- any of the beautiful maidens attendant upon Odin who bring the souls of slain warriors chosen by Odin or Tyr to Valhalla and there wait upon them.
Origin of Valkyrie
Examples from the Web for valkyrie
Contemporary Examples of valkyrie
Bryan is very interested in World War II, which was a very big part of X-Men, Valkyrie, and Apt Pupil.
But even before Valkyrie was released, Cruise had been through a sort of career intervention.Tom Cruise's Career Rehab Secrets
March 11, 2010
Even though you go into Valkyrie knowing how it will end, the details of history are still plenty engaging.
But even though you go into Valkyrie knowing how it will end, the details of history are still plenty engaging.
Historical Examples of valkyrie
A cloud-rack tore the void like a Valkyrie's cry made visible.The Dragon Painter
Mary McNeil Fenollosa
They wrestled, Sigurd the first of heroes, and Brynhild, the Valkyrie.
Brynhild, with her Valkyrie's pride, was left with a mighty anger in her heart.
Brynhilda, the valkyrie, swore that no one should marry her who could not fling her down.The Romany Rye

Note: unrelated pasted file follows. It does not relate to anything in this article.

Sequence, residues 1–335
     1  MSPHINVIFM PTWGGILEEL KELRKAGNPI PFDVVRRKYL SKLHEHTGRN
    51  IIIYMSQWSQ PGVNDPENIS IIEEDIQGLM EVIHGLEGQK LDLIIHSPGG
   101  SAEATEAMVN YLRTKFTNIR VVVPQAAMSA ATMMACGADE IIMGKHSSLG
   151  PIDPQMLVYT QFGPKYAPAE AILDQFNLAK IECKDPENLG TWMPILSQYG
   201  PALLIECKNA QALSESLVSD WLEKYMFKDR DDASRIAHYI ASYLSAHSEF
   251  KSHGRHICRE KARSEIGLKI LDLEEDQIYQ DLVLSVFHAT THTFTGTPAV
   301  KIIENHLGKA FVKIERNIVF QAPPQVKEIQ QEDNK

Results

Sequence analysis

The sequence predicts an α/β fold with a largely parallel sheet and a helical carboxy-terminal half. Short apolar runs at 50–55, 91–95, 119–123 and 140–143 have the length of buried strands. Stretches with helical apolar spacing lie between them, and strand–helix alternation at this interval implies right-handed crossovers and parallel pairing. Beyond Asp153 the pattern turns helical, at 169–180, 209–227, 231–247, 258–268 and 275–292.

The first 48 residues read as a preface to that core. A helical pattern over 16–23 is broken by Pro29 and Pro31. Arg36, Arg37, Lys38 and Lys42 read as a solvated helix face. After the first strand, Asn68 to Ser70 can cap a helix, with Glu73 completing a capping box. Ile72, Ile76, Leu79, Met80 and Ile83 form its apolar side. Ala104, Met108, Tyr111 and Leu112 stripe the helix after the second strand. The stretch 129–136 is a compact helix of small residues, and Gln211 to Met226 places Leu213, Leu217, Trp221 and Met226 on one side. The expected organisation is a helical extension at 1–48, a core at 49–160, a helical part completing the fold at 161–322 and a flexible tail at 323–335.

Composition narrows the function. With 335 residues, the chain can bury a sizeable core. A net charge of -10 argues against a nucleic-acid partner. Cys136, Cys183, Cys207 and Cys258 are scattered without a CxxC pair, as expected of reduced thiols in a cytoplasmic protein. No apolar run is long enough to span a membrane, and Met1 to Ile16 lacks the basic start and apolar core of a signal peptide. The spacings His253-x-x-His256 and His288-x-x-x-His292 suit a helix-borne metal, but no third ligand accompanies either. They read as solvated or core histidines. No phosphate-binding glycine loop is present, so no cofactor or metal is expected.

I don't believe he knows himself what he is about some of the time in the Valkyrie.The Smart Set
Walkyrie Valkyr (ˈvælkɪə)
- Norse myth any of the beautiful maidens who serve Odin and ride over battlefields to claim the dead heroes and take them to Valhalla
Word Origin for Valkyrie
1768, one of 12 war-maidens who escorted the brave dead to Valhalla, from Old Norse valkyrja, literally "chooser of the slain," from valr "those slain in battle" (see Valhalla) + kyrja "chooser," from ablaut root of kjosa "to choose," from Proto-Germanic *keusan, from PIE *geus- "to taste, choose" (see gusto). Old English form was Wælcyrie, but they seem not to have figured as largely in Anglo-Saxon tales as in Scandinavian. German Walküre (Wagner) is from Norse.